This data is shared under a Attribution-NonCommercial-ShareAlike CC license. You are free to share and use the information for non-commercial purposes, as long as you give proper attribution and release anything you create under the same license.
For a summary of all Shared cM Project posts, see “The Shared cM Project.”
Are you interested in collecting any more data for your SharedcM project? I have 5 half sibs – 2 paternal and three maternal.
I share more cMs (and fewer segments) with paternal half sibs than with maternal half sibs- although all within the ranges you report. Is this a pattern you have observed?
I havde been trying to get my results and understand what I am reading.I am looking to see if I am Native American.How do I get my results???
I want to thank you for creating the project. I have been asking this very same question of everyone, especially the testing companies, the last few years. What is the mean and std dev between relatives sharing. But curious as to why you did not collect information for siblings? Am I missing something? I see the variation there as well. In fact, theoretically (although statistically minute), if a “perfect storm” crossover occurred, two siblings could be anywhere from 0 to 100% overlap of nuclear DNA. Am hoping to study some large families and even see if, anecdotal, very different siblings share less DNA between them. Especially fraternal twin siblings. Might want to consider converting to percentages as well. Felix Immanuel has the “correction” factors for each service / site values to get the proper percentages (although you may need to understand the source of GEDMatch values to apply the factors).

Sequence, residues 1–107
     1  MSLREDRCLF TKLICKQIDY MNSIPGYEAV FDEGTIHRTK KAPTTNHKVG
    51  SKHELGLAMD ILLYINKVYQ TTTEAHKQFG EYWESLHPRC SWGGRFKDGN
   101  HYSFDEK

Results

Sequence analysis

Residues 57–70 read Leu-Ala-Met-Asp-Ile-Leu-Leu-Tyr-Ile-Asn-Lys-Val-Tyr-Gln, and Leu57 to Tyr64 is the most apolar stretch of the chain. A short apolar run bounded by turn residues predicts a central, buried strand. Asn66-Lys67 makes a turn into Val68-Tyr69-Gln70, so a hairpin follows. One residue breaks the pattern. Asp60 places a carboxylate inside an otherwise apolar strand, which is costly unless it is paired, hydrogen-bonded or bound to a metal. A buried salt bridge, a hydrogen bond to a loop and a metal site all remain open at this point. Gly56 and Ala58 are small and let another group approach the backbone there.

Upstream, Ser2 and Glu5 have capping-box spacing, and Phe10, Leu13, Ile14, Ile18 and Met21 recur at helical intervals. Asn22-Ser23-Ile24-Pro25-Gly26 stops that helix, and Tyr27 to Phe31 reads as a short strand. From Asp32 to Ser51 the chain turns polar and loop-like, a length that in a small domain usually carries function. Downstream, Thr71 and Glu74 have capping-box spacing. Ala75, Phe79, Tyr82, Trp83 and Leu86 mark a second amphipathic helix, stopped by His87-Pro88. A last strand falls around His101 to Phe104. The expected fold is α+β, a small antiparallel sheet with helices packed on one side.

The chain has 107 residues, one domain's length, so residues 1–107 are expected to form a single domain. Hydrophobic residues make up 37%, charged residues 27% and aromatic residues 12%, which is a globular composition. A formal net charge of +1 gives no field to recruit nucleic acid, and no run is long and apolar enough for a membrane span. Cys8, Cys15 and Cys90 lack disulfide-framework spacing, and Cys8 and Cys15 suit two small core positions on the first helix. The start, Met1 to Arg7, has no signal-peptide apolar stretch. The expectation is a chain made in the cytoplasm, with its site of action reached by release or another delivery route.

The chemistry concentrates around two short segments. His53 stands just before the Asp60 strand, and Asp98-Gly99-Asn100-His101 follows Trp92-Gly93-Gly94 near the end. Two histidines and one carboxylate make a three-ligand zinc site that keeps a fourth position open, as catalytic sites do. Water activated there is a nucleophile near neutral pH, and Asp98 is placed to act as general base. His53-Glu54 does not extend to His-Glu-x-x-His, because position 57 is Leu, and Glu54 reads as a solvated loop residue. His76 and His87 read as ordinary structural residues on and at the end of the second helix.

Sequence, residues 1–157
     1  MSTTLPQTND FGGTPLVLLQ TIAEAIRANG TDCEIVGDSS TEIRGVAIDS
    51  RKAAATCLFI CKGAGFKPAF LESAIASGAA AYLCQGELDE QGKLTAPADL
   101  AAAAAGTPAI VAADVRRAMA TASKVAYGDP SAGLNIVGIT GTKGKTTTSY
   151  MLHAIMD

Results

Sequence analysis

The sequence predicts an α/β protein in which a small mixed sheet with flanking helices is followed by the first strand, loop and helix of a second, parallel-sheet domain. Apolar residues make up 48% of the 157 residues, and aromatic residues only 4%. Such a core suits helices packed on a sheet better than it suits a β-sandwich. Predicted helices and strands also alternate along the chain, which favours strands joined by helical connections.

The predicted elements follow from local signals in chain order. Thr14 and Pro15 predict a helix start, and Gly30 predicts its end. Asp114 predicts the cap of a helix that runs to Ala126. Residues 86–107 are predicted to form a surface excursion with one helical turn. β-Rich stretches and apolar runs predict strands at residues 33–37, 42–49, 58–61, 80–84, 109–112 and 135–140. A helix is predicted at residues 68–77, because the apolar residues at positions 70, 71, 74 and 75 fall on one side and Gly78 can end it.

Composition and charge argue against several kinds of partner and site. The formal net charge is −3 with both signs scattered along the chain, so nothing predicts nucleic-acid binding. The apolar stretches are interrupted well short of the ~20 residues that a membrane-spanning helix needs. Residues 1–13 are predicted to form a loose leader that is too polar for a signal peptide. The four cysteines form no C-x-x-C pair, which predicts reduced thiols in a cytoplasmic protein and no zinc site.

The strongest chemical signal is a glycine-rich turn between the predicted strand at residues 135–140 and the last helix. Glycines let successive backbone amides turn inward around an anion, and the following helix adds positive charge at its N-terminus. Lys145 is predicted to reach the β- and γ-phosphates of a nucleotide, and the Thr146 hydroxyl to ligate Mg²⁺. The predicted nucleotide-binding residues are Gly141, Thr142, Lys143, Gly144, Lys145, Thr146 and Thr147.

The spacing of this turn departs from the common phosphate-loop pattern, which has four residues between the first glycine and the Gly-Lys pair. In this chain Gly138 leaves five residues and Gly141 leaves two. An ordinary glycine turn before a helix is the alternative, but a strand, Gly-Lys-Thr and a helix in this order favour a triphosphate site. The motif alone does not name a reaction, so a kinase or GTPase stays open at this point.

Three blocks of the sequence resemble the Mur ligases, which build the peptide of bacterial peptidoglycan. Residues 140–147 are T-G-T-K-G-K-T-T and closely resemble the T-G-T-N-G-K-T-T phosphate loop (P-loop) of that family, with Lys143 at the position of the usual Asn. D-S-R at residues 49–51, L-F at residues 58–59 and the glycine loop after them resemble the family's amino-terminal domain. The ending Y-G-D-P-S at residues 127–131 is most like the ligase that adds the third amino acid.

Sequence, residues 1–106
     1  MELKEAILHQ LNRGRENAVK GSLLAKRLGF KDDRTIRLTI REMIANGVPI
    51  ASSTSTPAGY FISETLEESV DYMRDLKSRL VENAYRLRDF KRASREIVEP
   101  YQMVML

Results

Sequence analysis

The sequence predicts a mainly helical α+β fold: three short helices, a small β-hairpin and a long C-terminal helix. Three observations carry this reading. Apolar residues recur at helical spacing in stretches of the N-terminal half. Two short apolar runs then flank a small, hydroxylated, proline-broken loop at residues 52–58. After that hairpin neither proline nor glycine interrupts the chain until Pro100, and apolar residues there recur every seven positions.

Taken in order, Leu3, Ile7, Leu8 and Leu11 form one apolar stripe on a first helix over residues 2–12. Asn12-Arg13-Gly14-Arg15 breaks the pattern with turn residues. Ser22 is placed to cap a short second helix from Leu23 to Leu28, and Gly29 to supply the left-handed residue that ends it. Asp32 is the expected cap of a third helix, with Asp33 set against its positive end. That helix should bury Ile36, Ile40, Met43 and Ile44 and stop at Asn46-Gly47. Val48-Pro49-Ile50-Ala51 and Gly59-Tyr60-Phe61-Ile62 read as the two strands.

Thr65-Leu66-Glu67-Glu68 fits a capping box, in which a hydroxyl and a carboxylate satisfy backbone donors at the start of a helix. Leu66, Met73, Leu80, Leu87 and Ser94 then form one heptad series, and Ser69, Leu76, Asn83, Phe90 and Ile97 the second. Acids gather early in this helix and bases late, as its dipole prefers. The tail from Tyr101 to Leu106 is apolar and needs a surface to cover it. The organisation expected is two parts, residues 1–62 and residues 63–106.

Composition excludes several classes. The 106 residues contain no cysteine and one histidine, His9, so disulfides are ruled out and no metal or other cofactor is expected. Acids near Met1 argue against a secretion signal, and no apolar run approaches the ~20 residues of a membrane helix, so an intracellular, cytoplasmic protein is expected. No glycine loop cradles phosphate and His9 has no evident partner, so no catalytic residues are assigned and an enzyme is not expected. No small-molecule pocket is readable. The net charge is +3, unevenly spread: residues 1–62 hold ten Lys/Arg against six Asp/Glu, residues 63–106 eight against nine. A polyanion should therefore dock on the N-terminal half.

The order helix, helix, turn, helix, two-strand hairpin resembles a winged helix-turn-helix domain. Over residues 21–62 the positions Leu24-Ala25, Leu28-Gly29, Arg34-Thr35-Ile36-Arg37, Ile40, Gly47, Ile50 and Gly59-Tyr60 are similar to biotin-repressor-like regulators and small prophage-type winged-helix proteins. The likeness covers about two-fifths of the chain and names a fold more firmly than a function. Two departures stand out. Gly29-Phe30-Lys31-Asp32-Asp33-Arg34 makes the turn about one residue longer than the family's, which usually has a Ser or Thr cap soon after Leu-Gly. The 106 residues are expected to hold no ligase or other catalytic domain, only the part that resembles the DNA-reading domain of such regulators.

Randy – I did collect it and I have data for many hundreds of siblings. I just haven’t analyzed it yet. The need for it isn’t that great so it is pretty far down my list of priorities, but I’ll release it eventually, probably in the next few months.
I’m not a fan of the percentages, so I’ve intentionally avoided those. They’re just too inexact for a scientific study. And since a comparison should be based on total cMs and longest cMs, converting back and forth to percentages does nothing but eat up time.
Thanks for the reply (oddly, did not not get a notice of such). I only mentioned “percentage” because your charts show the collected cM shared (avg, min/max) but then list the percentage (as a number less than 1 so actually decimal form of a fraction). Seems would have been better to put that “expected value” in as cM to allow a quick apples-apples comparison of the expected with the avg sampled. My daughter, the biologist, likes to call these expected numbers “mendel genetics” values; indicating the very simplified, high level view they are derived from.
Wish this chart went to the 4-6th cousin level. Been seeing some larger matches there. I think I can explain it when I compare myself to my mother in matches. If it’s one segment, I often inherit it entirely or not at all, seems like the only time i get “part” is when there are multiple segments, when I may inherit only one of several segments. I think this may be why it seems to get results after the 4th cousin level that seem “inflated”. If my mother is a 4th cousin and I am a 4th cousin once removed and we both share 25 cM in common… I think you get my drift.
I just wanted to say that I have a 4th cousin once removed that I have one segment (Half IBD
82 cM ) This seems well outside the range the chart would indicate if it included 4c1r.
Specifically – chromosome 5, position 24968036-117506665, 81.87002 cM, 16518 SNPs
Blaine: I’m still learning when it comes to DNA, but puzzled why in the first chart, the longest segments are mostly higher where there is no endogamy involved vs when there is endogamy reported. I thought where there was endogamy there would always be more shared segments and that the segments would typically be longer? I must be missing something.
Any insight into the following match? Trying to figure this out and really could use some help.
16.2% Shared DNA
Comments are closed.